Our deities seem to be able to move with the times, change and learn, study us to see where we’re going so that they can relate to us.
I see it in the splinters of the deities who are attached to different persons. Each splinter seems to be crafted to suit the person’s maturity and concerns – a flighty person, a flighty splinter. A mature person, a mature splinter.
Wytch of the North calls hers ‘My Lord of Masks’, and talks about the deities swapping identities casually between themselves. Do they also swap offices? Realms of control? Has Ares ever swapped with Aphrodite, just for the education it would be? Would Hermes and Apollon trade spheres of influence temporarily?
This kind of mutability is disturbing to most of us. We like stability. We like it so much that we’ll remain in a rut that’s harmful to us rather than risk changing. The idea that your god really isn’t your god, even when he IS your god, leaves us wondering about our terra really being firma.
I suspect this isn’t a problem with most because their contact with their deity isn’t on a basis where they’d really notice a difference. Most of us don’t have daily conversations with our deities. Most of us never hear their voice at all, and consider someone who has to be extremely fortunate, even if it was no more than a few words or a strong feeling. Most of us believe they are there, hope they are there, but we don’t KNOW that they are there. We don’t consciously work with our gods so we don’t notice.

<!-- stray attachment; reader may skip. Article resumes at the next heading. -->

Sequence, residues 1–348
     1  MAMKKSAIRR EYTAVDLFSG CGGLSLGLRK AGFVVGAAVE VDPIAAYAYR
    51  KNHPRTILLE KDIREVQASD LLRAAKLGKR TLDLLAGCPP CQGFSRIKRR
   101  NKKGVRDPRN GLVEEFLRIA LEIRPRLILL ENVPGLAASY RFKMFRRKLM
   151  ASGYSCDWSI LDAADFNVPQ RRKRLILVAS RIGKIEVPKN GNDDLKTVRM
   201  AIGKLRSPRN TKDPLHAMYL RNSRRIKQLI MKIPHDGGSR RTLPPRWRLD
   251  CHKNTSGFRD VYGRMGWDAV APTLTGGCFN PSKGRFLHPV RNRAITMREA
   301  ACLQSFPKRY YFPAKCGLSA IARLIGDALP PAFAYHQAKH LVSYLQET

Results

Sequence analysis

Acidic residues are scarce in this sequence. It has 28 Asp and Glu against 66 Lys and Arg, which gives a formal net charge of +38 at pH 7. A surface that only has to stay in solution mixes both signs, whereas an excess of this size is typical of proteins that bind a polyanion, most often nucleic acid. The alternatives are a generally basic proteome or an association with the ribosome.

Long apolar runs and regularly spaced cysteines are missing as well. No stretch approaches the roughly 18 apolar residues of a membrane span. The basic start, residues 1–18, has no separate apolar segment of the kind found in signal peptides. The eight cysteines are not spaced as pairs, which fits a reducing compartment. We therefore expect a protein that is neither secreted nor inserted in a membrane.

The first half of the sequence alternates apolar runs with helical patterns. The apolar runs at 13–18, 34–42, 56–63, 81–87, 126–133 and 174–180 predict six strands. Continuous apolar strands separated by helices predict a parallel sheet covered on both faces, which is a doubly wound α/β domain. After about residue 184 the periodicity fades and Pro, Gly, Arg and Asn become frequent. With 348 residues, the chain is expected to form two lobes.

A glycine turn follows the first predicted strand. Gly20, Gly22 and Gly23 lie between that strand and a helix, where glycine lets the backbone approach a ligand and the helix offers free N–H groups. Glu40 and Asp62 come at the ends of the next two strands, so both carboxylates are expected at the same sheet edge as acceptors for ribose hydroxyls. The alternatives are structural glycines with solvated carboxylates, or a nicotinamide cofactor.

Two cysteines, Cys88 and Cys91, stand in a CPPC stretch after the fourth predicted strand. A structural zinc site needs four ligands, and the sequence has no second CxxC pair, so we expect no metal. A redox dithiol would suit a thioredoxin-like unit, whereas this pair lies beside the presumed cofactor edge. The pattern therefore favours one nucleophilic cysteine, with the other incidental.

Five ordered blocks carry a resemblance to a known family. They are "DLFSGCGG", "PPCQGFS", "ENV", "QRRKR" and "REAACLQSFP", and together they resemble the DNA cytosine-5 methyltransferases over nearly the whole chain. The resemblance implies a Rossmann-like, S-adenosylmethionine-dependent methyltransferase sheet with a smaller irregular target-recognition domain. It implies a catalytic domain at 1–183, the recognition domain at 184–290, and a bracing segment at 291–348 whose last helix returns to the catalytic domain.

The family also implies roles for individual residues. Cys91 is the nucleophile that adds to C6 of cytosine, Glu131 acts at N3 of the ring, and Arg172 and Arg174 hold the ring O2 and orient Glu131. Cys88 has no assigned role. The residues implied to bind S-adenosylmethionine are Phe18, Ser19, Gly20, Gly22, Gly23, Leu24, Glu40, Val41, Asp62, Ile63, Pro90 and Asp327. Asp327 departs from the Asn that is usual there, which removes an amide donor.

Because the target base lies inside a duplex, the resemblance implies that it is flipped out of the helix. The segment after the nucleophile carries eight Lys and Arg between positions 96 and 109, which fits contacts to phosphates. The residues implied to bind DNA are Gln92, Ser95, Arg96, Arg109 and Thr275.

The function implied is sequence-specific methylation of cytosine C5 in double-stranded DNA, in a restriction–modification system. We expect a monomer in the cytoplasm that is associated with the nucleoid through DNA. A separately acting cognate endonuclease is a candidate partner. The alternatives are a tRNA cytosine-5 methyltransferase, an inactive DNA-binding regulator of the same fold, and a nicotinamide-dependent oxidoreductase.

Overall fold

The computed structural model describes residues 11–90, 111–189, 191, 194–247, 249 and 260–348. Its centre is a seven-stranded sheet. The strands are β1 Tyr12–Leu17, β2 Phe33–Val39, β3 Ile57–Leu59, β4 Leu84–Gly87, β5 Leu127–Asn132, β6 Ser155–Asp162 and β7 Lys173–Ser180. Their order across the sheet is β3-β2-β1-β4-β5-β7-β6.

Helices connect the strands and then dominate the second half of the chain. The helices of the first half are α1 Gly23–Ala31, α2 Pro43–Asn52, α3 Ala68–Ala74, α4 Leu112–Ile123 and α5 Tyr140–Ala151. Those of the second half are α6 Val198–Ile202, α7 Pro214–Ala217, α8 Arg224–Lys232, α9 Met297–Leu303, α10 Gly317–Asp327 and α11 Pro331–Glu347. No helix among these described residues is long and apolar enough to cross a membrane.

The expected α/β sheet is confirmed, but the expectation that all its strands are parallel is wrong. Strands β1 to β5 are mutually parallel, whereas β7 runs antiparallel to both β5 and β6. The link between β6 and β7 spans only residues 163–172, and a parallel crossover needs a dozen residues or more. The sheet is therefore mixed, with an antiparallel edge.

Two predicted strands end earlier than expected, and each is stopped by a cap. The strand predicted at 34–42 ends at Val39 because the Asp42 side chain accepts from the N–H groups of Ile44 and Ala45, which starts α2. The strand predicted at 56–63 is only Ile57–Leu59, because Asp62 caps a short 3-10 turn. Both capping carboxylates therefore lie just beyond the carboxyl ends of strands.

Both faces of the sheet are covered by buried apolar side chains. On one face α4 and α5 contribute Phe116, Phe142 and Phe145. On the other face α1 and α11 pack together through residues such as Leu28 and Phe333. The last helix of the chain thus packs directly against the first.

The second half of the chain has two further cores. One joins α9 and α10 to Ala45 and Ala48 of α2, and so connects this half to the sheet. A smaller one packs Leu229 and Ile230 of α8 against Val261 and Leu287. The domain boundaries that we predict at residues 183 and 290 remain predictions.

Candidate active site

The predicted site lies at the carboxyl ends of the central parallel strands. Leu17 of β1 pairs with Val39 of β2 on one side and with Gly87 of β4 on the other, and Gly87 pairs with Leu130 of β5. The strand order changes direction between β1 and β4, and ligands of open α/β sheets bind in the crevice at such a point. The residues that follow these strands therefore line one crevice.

But the few – ‘we few, we lucky few, we band of brothers’ – do notice and are often dismayed or confused by the sudden changes, whether it’s a change of name, a change of personality, or a change of any sort. Suddenly, we don’t know our own god, the god we’ve worked with for so long. It’s got to be hard to accept. It’s got to make us question everything we knew.
And then there are those who never have to question because their deity never seems to change at all. Herne is always Herne. Loki is always Loki. Ma’at is always Ma’at. They work with the same face their entire lives.
One tries to understand, but perhaps understanding is beyond us. Perhaps we just have to accept, adapt, and overcome. Perhaps some of us have to learn to walk on earthquakes.